Florida Gov. Rick Scott during his State of the State speech Tuesday, March 4, 2014.
Phil Sears/AP Photo

Even Rick Scott thinks the GOP Congress is negligent on Zika

Yesterday marked a milestone of sorts: it was 100 days ago that the Obama administration urged the Republican Congress to pass a $1.9 billion package to address the Zika virus threat. So far, GOP lawmakers have decided they don’t like the request, instead approving separate, smaller emergency bills about which Republicans still disagree.
Florida Gov. Rick Scott (R) may be a bitter partisan, but even he’s fed up with his party’s negligence.
Florida Gov. Rick Scott pleaded with President Obama on Wednesday to provide his state with mosquito traps, insecticide and other gear they need to fight the Zika virus, saying it is “profoundly disappointing” that Congress failed to pass a funding package before the start of hurricane season.
Zika causes serious birth defects, and the Republican governor said his state’s hot-and-wet climate is about to get a lot worse, allowing disease-carrying insects to flourish.
“Despite repeated calls for action, Congress has failed to act and now they are on vacation,” Mr. Scott wrote in a letter to Mr. Obama.
The Republican governor added, “Florida needs action from the federal government now.”
Unfortunately, “now” doesn’t appear to be much of an option. The Republican-led Senate approved a $1.1 billion package, while the Republican-led House passed a bill about half as large. Under the current Republican approach, it may be “well into the summer, or even longer” before Congress approves an inadequate final bill to address the Zika virus.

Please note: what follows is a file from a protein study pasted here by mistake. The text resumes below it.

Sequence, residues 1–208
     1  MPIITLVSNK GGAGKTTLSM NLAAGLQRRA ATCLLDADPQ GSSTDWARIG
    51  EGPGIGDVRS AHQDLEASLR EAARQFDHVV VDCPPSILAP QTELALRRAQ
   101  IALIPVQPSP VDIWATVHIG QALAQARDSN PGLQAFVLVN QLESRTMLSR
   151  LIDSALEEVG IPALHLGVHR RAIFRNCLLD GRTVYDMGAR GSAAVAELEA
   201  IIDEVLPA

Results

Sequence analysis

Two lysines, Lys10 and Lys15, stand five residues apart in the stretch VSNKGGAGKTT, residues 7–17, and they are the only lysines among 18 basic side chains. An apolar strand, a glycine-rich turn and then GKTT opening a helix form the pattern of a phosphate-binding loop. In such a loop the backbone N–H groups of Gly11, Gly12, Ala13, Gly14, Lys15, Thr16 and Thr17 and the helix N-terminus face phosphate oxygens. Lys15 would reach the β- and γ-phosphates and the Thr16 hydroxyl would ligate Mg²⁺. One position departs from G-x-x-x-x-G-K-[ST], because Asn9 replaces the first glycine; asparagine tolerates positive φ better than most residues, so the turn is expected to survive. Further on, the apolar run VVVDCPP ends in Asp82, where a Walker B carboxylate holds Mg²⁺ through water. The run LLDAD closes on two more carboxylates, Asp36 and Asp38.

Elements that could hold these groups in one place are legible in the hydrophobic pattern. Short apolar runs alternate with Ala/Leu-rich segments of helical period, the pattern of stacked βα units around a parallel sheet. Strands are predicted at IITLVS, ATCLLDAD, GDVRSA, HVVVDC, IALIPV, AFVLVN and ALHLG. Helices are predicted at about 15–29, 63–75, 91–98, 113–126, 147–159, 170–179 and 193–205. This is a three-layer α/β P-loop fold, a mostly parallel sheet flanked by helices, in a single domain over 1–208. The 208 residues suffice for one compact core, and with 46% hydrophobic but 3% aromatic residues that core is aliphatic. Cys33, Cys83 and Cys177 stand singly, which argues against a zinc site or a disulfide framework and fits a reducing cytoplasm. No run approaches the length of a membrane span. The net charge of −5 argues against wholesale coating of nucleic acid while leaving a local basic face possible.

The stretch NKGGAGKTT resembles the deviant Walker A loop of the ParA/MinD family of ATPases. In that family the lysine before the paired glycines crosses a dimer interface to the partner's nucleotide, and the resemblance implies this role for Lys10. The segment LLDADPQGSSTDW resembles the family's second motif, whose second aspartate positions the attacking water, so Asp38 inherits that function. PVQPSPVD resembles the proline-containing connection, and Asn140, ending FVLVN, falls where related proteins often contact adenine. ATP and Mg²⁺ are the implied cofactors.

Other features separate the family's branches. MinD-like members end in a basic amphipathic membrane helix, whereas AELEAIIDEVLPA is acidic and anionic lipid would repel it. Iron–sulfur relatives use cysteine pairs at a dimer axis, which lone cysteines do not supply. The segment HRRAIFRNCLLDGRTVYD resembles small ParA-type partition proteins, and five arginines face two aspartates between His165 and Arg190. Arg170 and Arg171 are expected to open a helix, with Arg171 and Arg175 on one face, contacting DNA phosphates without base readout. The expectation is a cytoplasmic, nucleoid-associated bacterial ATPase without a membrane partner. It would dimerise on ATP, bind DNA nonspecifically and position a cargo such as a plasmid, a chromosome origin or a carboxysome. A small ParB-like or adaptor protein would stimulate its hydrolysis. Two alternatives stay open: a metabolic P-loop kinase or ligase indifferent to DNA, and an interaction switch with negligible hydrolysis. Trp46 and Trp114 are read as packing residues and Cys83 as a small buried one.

CDC Director Tom Frieden said last week his “jaw dropped” when he began to understand the exasperating pace at which Congress is moving. “Three months in an epidemic is an eternity,” he told reporters.
Lawmakers are currently in the middle of a 10-day vacation, which comes on the heels of a separate 10-day vacation last month. In July, Congress is only scheduled to be in session for a total of six days, and members won’t work at all in the month of August. All told, federal lawmakers will have the lightest schedule in 2016 of any Congress since 1956.
In February, Senate Majority Leader Mitch McConnell (R-Ky.) declared, “We need to get out in front of the Zika virus.” That was on Feb. 2, shortly before Congress took … wait for it … a 10-day vacation in the middle of February.